“That was my plan, sir,” the pilot said drily. “Do you want to fly her?”

“Yes. No.” What Gallowglass wanted was to hit something. “Hell, man. You do your job and I’ll do mine.”

There were times Gallowglass wished with all his heart he’d fallen in battle to someone other than Hugh de Clermont.

After landing safely at the airport in Gander, Gallowglass helped Diana down the stairs so that she could do as the doctor had ordered and stretch her legs.

“You’re not dressed for Newfoundland,” he observed, settling a worn leather jacket over her shoulders. “The wind will shred that pitiful excuse for a coat to ribbons.”

“Thank you, Gallowglass,” Diana said, shivering.

“What’s your final destination, Auntie?” he asked after their second lap of the tiny airstrip.

“Does it matter?” Diana’s voice had gone from resigned to weary to something worse.


“No, Auntie. It’s Nar-SAR-s’wauk—not NUR-sar-squawk,” Gallowglass explained, tucking one of the down-filled blankets around Diana’s shoulder. Narsarsuaq, on the southern tip of Greenland, was colder even than Gander. Diana had insisted on taking a brisk walk anyway.

“How do you know?” she asked peevishly, her lips slightly blue.

“I just know.” Gallowglass motioned to the flight attendant, who brought him a steaming mug of tea. He poured a dollop of whiskey into it.

“No caffeine. Or alcohol,” Diana said, waving the tea away.

“My own mam drank whiskey every day of her pregnancy—and look how hale and hearty I turned out,” Gallowglass said, holding the mug in her direction. His voice turned wheedling. “Come on, now. A wee nip won’t do you any harm. Besides, it can’t be as bad for Apple and Bean as frostbite.”

“They’re fine,” Diana said sharply.

“Oh, aye. Finer than frog’s hair.” Gallowglass extended his hand farther and hoped that the tea’s aroma would persuade her to indulge. “It’s Scottish Breakfast tea. One of your favorites.”

“Get thee behind me, Satan,” Diana grumbled, taking the mug. “And your mam couldn’t have been drinking whiskey while she carried you. There’s no evidence of whiskey distillation in Scotland or Ireland before the fifteenth century. You’re older than that.”

Gallowglass smothered a sigh of relief at her historical nitpicking.

Diana drew out a phone.

“Who are you calling, Auntie?” Gallowglass asked warily.


When Matthew’s best friend picked up the call, his words were exactly what Gallowglass expected them to be.

“Diana? What’s wrong? Where are you?”

“I can’t remember where my house is,” she said in lieu of explanation.

“Your house?” Hamish sounded confused.

“My house,” Diana repeated patiently. “The one Matthew gave me in London. You made me sign off on the maintenance bills when we were at Sept-Tours.”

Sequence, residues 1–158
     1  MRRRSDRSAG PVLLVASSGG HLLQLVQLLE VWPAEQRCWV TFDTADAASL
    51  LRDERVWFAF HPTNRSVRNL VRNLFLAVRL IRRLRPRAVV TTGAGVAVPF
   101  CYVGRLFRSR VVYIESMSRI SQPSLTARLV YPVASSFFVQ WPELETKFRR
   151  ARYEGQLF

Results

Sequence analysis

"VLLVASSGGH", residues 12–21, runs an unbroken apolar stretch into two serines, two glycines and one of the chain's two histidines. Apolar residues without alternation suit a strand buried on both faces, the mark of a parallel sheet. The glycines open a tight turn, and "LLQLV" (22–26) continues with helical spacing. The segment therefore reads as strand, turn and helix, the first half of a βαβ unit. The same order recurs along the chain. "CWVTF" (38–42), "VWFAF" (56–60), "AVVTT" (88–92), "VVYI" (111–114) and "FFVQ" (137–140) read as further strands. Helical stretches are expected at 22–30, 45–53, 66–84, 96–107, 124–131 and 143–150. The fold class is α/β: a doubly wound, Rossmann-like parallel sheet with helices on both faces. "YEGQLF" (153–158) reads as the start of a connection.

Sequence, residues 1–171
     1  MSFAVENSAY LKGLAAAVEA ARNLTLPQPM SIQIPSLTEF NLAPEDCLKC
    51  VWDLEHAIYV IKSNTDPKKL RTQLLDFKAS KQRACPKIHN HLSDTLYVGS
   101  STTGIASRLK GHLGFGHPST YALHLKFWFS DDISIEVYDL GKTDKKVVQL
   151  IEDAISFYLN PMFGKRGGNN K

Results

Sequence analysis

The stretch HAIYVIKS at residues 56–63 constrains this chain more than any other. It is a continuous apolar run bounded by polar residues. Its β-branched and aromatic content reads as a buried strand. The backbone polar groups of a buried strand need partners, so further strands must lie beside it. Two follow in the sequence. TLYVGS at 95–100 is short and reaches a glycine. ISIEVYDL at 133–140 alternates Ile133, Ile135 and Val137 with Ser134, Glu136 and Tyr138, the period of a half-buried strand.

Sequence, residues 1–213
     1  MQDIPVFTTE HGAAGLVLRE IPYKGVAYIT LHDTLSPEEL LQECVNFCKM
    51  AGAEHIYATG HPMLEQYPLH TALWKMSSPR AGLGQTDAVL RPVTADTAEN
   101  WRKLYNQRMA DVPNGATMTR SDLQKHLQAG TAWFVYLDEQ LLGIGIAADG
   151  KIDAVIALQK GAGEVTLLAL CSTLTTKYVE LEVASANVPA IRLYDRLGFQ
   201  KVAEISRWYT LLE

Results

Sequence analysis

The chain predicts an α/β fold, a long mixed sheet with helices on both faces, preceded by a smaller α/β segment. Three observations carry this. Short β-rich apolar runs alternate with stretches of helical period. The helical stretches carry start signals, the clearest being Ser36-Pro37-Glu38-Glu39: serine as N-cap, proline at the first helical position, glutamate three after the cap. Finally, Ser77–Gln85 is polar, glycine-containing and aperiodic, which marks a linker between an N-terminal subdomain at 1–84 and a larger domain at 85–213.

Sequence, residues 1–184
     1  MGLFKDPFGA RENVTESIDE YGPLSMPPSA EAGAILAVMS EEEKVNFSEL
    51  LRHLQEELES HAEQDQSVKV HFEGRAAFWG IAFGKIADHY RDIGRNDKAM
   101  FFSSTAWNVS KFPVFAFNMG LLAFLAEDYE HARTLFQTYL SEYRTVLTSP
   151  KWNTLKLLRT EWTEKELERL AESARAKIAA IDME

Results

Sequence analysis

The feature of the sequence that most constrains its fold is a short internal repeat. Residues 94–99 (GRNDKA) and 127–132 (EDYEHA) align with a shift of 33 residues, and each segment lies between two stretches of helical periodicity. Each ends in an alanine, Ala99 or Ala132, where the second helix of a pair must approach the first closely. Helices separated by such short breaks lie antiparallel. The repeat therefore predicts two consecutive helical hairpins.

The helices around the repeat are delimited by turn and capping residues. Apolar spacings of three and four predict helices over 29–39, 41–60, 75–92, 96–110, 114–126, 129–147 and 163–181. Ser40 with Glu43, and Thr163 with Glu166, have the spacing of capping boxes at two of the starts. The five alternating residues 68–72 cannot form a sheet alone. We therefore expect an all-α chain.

London? Being a vampire was no help at all in his present situation, Gallowglass realized. It would be far better to have been born a witch. Perhaps then he could have divined how this woman’s mind worked.

“It’s in Mayfair, on a little street near the Connaught. Why?”

“I need the key. And the address.” Diana paused for a moment, mulling something over before she spoke. “I’ll need a driver, too, to get around the city. Daemons like the Underground, and vampires own all the major cab companies.”

Of course they owned the cab companies. Who else had the time to memorize the three hundred twenty routes, twenty-five thousand streets, and twenty thousand landmarks within six miles of Charing Cross, that were required in order to get a license?

“A driver?” Hamish sputtered.

“Yes. And does that fancy Coutts account I have come with a bank card—one with a high spending limit?”

Gallowglass swore. She looked at him frostily.

“Yes.” Hamish’s wariness increased.

“Good. I need to buy some books. Everything Athanasius Kircher ever wrote. First or second editions. Do you think you could send out a few inquiries before the weekend?” Diana studiously avoided Gallowglass’s piercing gaze.

“Athanasius who?” Hamish asked. Gallowglass could hear a pen scratching on paper.

“Kircher.” She spelled it out for him, letter by letter. “You’ll have to go to the rare-book dealers.

There must be copies floating around London. I don’t care how much they cost.”

“You sound like Granny,” Gallowglass muttered. That alone was reason for concern.

“If you can’t get me copies by the end of next week, I suppose I’ll have to go to the British Library.

But fall term has started, and the rare-book room is bound to be full of witches. I’m sure it would be better if I stayed at home.”

“Could I talk to Matthew?” Hamish said a trifle breathlessly.

“He’s not here.”

“You’re alone?” He sounded shocked.

“Of course not. Gallowglass is with me,” Diana replied.

“And Gallowglass knows about your plan to sit in the public reading rooms of the British Library and read these books by—what’s his name? Athanasius Kircher? Have you gone completely mad? The whole Congregation is looking for you!” Hamish’s voice rose steadily with each sentence.

“I am aware of the Congregation’s interest, Hamish. That’s why I asked you to buy the books,”

Diana said mildly.

“Where is Matthew?” Hamish demanded.

“I don’t know.” Diana crossed her fingers when she told the lie.

There was a long silence.

“I’ll meet you at the airport. Let me know when you’re an hour away,” Hamish said.

“That’s not necessary,” she said.

“One hour before you land, call me.” Hamish paused. “And, Diana? I don’t know what the hell is going on, but of one thing I’m sure: Matthew loves you. More than his own life.”

“I know,” Diana whispered before she hung up.

Now she’d gone from hopeless to dead-sounding.

The plane turned south and east. The vampire at the controls had overheard the conversation and acted accordingly.

“What is that oaf doing?” Gallowglass growled, shooting to his feet and upsetting the tea tray so that the shortbread biscuits scattered all over the floor. “You cannot head directly for London!” he shouted into the cockpit. “That’s a four-hour flight, and she’s not to be in the air for more than three.”

“Where to, then?” came the pilot’s muffled reply as the plane changed course.

“Put in at Stornoway. It’s a straight shot, and less than three hours. From there it will be an easy jump to London,” Gallowglass replied.